Baltimore — For three days, hundreds of workers picketed, marched and rallied at Johns Hopkins Hospital on Baltimore’s eastside from April 9 through April 11, chanting, “Poverty wages got to go!” The community was elated and electrified. Car horns honked and passersby joined the picket line, including a group of high school students.
“Baltimore is on strike!” declared John Reid, Maryland/D.C. executive vice president of Service Employees union Local 1199, at a rally following the three-day strike of 2,000 John Hopkins Hospital workers.
“His words ring very true,” stated Sharon Black, a representative of the “We Deserve Better” Workers Assembly, who walked the picket line in support of the workers. She explained that Hopkins workers are the face of Baltimore; they are the working poor who make up the majority of this city.
Nearly 70 percent of Hopkins workers make less than $14.92 an hour, a wage that qualifies a single parent and child for food stamps. (hardshipathopkins.org) In addition, one-quarter of 2,000 service, maintenance and technical workers at Hopkins make less than $11.47 an hour — the poverty level for a family of four. Many workers make as low as $10.71 an hour and union organizers point out that some of the workers at Hopkins are homeless and live in shelters.
Reid stated that Baltimore city’s median income is $30,000 a year and that many Hopkins workers make less than that, despite the fact that Hopkins touts itself as the number one hospital in the country. Hopkins workers on the picket line explained that the recent Maryland Legislature vote to raise the minimum wage to $10.10 in 2018 was far too little and too late for many workers.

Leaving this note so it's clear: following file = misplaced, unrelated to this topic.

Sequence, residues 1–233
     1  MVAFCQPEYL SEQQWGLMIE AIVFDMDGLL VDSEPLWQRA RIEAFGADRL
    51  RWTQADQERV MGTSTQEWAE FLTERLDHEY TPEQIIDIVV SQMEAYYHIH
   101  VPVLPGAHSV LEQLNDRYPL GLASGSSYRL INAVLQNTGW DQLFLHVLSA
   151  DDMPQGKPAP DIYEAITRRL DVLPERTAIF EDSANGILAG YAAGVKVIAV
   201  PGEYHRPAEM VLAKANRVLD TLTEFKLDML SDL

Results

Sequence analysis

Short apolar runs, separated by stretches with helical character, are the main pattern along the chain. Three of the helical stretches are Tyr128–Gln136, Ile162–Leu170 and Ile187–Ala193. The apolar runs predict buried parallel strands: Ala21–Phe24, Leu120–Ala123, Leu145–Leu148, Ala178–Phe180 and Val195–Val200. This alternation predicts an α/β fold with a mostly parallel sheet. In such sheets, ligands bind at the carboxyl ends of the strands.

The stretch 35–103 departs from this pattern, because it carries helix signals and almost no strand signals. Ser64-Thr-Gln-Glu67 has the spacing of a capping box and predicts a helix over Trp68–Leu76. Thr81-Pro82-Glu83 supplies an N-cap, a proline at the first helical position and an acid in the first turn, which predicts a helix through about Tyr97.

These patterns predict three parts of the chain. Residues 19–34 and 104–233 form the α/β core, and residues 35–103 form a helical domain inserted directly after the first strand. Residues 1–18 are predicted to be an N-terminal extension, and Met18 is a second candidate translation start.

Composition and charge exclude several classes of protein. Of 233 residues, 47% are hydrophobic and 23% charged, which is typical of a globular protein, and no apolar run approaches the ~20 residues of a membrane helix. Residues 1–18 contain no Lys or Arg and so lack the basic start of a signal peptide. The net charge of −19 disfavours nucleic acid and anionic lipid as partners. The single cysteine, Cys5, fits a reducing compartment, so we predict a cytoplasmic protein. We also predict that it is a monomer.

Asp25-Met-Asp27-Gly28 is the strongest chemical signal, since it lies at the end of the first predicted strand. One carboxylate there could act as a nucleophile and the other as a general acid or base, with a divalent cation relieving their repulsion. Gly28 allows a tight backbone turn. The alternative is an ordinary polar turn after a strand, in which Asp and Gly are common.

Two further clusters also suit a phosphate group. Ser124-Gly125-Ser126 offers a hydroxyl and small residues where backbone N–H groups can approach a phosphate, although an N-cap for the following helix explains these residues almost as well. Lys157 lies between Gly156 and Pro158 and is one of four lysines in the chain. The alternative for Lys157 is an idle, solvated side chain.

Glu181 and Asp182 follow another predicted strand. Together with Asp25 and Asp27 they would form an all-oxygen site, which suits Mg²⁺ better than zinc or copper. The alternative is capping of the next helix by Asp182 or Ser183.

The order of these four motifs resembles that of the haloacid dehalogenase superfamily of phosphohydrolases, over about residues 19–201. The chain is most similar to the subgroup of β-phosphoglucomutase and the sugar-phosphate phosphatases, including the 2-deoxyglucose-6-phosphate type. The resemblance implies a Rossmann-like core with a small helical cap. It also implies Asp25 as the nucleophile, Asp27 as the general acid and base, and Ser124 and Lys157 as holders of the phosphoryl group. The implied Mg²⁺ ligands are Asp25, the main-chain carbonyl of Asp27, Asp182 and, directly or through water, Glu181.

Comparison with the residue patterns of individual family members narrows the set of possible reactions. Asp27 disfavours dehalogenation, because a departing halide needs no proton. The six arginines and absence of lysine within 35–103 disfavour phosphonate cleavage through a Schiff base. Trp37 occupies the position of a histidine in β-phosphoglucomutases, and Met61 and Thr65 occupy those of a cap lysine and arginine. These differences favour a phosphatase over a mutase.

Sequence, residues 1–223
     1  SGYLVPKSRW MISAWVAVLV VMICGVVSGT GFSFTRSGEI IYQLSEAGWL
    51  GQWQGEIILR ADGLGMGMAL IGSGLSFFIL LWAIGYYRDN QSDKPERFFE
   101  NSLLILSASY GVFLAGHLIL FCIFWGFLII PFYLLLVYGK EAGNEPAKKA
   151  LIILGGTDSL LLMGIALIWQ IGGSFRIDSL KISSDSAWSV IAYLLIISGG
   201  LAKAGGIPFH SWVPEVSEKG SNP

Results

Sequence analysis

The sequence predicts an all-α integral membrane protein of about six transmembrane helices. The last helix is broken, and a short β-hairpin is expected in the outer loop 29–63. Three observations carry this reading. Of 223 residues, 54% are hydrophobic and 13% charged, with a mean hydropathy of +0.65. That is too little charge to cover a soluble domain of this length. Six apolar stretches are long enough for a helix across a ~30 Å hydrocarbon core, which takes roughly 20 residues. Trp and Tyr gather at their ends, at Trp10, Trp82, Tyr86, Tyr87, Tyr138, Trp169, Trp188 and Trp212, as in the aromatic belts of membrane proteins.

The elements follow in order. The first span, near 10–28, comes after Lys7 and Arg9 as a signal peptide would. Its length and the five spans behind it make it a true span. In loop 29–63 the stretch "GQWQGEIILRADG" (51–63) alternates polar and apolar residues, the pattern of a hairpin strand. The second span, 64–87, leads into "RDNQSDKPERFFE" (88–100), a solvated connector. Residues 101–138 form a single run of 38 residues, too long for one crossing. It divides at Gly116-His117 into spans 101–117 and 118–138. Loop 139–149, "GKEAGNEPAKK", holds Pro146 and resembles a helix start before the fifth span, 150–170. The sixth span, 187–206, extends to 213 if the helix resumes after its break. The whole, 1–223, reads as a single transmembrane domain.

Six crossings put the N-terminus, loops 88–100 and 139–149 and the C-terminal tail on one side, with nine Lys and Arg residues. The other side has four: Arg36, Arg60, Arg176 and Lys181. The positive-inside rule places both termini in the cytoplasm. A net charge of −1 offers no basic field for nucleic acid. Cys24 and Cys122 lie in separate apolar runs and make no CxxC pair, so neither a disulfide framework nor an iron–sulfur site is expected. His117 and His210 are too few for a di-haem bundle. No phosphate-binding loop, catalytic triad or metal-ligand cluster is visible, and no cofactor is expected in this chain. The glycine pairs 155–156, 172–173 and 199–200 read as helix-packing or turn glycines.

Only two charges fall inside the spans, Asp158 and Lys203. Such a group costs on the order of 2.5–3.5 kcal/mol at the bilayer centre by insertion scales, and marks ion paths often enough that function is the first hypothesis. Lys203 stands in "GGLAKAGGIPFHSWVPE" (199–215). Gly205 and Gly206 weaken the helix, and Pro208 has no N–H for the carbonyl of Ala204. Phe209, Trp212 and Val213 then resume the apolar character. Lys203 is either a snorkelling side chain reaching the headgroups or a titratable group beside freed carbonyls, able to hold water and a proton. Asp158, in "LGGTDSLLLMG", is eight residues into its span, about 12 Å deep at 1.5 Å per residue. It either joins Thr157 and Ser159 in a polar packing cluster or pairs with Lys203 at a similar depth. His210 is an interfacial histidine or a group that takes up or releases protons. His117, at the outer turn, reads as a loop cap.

Dr. Benjamin Oldfield, a resident Hopkins physician who spoke out at a vigil for Hopkins workers, accompanied by about 30 medical and nursing students, stated, “We know that financial insecurity leads to bad health outcomes.”
Most moving were the Hopkins workers themselves, who described the dangerous jobs they perform exposing themselves to needle sticks and Hepatitis C and HIV infections on a daily basis. Sammy Davis, an older worker, stated that he was on HIV prevention medication and that he only makes $12.95 an hour.
An older woman worker with 19 years on the job broke down in tears as she explained that she was still living paycheck to paycheck and cannot afford to pay her bills.
Wiley Rhymer explained how his family of four qualifies for food stamps because he makes less than $12.97. Along with speaking out on the picket line and at vigils, Rhymer and his two children are featured on www.hardshipathopkins.org.
The workers are demanding a $15-an-hour minimum wage for workers with 15 or more years’ service in the first year of their contract. They are fighting to lift every worker to at least $14 an hour within four years.
Hopkins hospital has refused to offer the workers anything approaching these demands, despite the fact that the hospital reports a $145 million profit on operating revenues.
Workers have gone back to work while union representatives and Hopkins continue to talk. They assert that they can and will go back on strike if needed.